ST. PAUL, Minn.: Facing a rising death toll from drug overdoses, state lawmakers across the country are testing a strategy to boost treatment for opioid addicts: Force drug manufacturers and their distributors to pay for it.

Bills introduced in at least 15 states would impose taxes or fees on prescription painkillers. Several of the measures have bipartisan support and would funnel millions of dollars toward treatment and prevention programs.

In Montana, state Sen. Roger Webb, a Republican, sees the approach as a way to hold drugmakers accountable for an overdose epidemic that in 2016 claimed 42,000 lives in the U.S., a record.

“You’re creating the problem,” he said. “You’re going to fix it.”

Opioids include prescription painkillers such as Vicodin and OxyContin as well as illegal drugs such as heroin and illicit versions of fentanyl. Public health experts say the crisis started because of overprescribing and aggressive marketing of the drugs that began in the 1990s. The death toll nationwide has continued to rise even as prescribing has started to drop.

Ohio is among the top five states with the highest rates of opioid-related overdose deaths, according to figures reported in February by the National Institute on Drug Abuse.

In Summit County, a general trend of declining overdoses began around November for people who sought help at hospitals in 16 county ZIP codes, but they ticked up again last week.

A Pennsylvania opioid tax bill was introduced in 2015 and a federal version was introduced a year later, but most of the proposals arose during the past year. The majority of them have yet to get very far, with lawmakers facing intense pressure from the pharmaceutical industry to scuttle or soften the legislation.

Drugmakers and distributors argue that it would be wrong to tax prescription drugs, that the cost increases would eventually be absorbed by patients or taxpayers, and that there are other ways to pay for addiction treatment and prevention.

“We have been engaged with states to help move forward comprehensive solutions to this complex public health crisis and in many cases have seen successes,” Priscilla VanderVeer, a spokeswoman for Pharmaceutical Research and Manufacturers of America, said in a statement. “However, we do not believe levying a tax on prescribed medicines that meet legitimate medical needs is an appropriate funding mechanism for a state’s budget.”

Two drug companies that deployed lobbyists — Purdue Pharma and Pfizer — responded to questions with similar statements.

A spokesman for the Healthcare Distribution Alliance, which represents drug distributors, said a tax would mean cancer patients and those in end-of-life care might not be able to get the prescriptions they need.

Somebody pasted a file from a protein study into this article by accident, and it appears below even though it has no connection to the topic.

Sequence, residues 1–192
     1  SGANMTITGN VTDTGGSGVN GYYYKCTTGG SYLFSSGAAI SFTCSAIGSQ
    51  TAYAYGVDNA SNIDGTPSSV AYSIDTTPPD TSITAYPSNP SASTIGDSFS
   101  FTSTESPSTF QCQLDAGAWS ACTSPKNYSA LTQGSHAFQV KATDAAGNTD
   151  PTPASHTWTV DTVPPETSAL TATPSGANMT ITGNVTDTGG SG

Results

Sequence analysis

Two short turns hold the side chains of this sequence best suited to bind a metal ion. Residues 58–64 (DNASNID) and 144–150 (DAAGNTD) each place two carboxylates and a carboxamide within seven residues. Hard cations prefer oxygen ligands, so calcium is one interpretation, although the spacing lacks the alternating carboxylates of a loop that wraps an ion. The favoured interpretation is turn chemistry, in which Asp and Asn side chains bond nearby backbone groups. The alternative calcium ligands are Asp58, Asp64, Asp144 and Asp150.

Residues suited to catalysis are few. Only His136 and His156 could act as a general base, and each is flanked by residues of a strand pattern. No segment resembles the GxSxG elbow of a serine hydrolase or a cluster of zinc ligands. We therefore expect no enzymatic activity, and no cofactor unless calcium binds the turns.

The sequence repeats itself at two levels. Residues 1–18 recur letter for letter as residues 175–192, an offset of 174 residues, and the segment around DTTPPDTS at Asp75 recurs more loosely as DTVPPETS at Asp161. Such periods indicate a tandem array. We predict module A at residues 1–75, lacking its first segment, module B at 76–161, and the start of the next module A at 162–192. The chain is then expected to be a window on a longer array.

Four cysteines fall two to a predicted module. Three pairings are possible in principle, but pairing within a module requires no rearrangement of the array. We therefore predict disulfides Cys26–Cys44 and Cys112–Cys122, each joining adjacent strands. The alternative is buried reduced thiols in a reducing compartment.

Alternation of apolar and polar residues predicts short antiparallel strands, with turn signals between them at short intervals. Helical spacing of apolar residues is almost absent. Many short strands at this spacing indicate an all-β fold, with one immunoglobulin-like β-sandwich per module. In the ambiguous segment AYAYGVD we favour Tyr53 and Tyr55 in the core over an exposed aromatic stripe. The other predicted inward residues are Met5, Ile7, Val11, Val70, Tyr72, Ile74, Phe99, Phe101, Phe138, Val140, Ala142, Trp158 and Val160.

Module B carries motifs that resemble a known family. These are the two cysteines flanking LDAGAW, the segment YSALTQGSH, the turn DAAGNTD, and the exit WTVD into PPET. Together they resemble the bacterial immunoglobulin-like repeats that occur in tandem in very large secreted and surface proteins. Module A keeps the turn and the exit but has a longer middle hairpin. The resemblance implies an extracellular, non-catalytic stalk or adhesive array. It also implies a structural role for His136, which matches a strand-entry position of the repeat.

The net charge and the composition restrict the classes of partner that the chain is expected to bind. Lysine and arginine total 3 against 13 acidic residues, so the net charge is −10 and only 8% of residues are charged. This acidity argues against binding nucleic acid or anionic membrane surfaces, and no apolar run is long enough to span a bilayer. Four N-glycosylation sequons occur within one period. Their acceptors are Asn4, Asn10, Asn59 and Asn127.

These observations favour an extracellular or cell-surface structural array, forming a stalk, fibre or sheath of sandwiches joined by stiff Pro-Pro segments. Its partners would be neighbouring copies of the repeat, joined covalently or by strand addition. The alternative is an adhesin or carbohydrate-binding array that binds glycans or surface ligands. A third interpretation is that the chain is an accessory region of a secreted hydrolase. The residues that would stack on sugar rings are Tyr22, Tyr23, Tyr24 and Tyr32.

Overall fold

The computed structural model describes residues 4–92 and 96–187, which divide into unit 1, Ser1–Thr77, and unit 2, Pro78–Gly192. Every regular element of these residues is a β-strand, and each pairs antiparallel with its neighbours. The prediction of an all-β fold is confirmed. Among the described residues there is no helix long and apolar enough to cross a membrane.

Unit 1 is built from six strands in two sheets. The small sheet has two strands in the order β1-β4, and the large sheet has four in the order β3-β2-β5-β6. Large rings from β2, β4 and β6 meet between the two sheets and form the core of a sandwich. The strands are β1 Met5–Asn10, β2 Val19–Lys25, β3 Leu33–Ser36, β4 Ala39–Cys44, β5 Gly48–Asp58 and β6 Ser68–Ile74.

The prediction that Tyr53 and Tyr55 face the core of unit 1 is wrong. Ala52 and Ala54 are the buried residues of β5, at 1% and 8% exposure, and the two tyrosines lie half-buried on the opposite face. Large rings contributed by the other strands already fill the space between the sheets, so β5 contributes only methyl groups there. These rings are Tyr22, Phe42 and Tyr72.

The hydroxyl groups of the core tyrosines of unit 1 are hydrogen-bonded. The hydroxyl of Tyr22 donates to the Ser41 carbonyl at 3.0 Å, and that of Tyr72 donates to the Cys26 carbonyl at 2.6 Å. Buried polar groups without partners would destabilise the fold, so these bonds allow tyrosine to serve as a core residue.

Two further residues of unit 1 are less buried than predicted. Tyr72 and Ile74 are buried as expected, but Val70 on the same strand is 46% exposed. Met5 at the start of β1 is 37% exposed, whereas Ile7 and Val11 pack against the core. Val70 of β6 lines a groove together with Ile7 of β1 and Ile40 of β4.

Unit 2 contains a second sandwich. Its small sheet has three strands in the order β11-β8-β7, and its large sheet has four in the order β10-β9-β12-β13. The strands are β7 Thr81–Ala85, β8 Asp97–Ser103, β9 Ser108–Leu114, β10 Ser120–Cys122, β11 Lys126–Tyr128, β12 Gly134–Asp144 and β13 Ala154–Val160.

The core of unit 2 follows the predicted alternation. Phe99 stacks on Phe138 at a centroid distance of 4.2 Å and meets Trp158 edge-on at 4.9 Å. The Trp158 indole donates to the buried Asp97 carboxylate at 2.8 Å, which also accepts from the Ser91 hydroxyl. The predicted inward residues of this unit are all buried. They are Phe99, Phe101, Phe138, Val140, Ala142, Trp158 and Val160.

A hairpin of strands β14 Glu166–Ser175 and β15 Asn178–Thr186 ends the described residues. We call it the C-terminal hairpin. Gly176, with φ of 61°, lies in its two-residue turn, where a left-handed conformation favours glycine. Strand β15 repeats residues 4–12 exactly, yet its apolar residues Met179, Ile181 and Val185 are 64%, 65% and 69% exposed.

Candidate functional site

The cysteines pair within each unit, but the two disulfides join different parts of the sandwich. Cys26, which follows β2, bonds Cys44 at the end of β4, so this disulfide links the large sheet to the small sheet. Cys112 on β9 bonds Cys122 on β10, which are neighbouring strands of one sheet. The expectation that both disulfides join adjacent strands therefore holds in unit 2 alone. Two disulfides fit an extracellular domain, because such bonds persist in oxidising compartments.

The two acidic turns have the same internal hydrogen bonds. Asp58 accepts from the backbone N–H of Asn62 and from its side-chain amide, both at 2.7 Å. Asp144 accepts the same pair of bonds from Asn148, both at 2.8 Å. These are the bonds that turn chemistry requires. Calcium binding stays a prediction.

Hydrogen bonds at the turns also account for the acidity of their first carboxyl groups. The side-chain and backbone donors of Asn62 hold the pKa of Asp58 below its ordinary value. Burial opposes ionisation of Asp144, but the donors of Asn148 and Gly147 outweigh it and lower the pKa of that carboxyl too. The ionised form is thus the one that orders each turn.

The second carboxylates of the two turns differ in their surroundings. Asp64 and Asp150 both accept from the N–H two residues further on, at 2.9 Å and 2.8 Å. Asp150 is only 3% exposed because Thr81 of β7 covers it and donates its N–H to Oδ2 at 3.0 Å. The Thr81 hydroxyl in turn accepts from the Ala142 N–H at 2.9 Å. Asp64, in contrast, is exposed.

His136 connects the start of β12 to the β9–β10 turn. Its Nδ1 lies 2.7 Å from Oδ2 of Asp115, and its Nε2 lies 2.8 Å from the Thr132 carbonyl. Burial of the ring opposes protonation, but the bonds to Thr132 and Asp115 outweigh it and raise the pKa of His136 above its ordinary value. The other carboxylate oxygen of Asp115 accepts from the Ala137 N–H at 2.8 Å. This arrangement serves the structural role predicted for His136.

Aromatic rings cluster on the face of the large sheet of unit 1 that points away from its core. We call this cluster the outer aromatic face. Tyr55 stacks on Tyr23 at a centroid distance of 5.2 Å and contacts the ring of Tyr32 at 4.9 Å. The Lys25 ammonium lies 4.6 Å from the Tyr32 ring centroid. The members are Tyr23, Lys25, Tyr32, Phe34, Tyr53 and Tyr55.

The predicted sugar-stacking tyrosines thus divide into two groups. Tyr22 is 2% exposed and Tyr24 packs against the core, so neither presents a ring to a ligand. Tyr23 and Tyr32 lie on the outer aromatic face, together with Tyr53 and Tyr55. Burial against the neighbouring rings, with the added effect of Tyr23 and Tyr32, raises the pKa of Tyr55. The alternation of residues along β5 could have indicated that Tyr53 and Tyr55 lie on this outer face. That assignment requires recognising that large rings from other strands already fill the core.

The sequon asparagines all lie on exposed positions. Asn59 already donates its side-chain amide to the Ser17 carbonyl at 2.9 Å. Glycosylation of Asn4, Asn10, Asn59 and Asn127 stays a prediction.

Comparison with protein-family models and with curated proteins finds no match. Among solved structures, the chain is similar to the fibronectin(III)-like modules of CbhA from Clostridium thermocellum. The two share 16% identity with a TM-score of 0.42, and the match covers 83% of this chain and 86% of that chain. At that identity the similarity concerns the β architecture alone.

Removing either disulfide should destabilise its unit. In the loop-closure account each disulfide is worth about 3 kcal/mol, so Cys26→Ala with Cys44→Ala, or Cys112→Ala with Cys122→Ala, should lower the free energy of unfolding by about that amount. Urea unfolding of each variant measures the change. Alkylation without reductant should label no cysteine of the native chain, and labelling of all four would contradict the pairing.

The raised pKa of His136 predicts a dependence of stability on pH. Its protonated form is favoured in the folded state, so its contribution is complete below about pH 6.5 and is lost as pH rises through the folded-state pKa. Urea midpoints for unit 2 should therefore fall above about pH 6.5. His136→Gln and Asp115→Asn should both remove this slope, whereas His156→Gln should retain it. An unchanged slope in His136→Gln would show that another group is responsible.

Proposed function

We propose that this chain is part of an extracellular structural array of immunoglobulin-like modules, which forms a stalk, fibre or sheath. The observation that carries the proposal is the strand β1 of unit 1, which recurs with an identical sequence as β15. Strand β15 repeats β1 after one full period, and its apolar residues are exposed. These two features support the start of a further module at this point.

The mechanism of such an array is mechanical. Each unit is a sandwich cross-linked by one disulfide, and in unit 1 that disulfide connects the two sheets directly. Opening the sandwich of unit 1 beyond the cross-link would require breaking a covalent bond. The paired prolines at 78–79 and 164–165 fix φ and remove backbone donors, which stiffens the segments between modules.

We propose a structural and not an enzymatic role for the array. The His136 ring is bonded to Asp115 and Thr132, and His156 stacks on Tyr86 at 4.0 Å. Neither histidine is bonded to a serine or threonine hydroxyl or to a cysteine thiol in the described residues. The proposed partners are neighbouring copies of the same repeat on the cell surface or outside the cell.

The pharmaceutical industry has emphasized that the name-brand drug companies that make up its members already give rebates to states for drugs funded by Medicaid. Those rebates amount to billions of dollars nationwide that states could use to address opioid addiction, the trade group says.

State legislation to tax opioids comes as manufacturers and distributors are defending themselves in hundreds of lawsuits filed by state and local governments, including Ohio, seeking damages for the toll the overdose epidemic has taken on communities.

David Humes, whose son died from a heroin overdose in 2012, has been pushing for an opioid tax in Delaware, which did not increase funding for addiction treatment last year as it struggles to balance its budget.

“When you think about the fact that each year more people are dying, if you leave the money the same, you’re not keeping up with this public health crisis,” he said.

Humes, a board member of the advocacy group AtTAck Addiction, supports legislation that would dedicate opioid tax revenue for addiction services.

The lead sponsor of an opioids tax bill, state Sen. Stephanie Hansen, said drug companies told her they already were contributing $500,000 to anti-addiction measures in Delaware, where there were 282 fatal overdoses from all drugs in 2016, a 40 percent increase from the year before.

“My response is, ‘That’s wonderful, but we’re not stopping there,’ ” said Hansen, a Democrat.

She said if her tax measure had been in place last year, it would have raised more than $9 million.

Drug companies have a history of digging in to defeat measures intended to combat the opioid crisis. A 2016 investigation by the Associated Press and the Center for Public Integrity found makers of opioids and their allies spent $880 million on politics and lobbying from 2006 through 2015.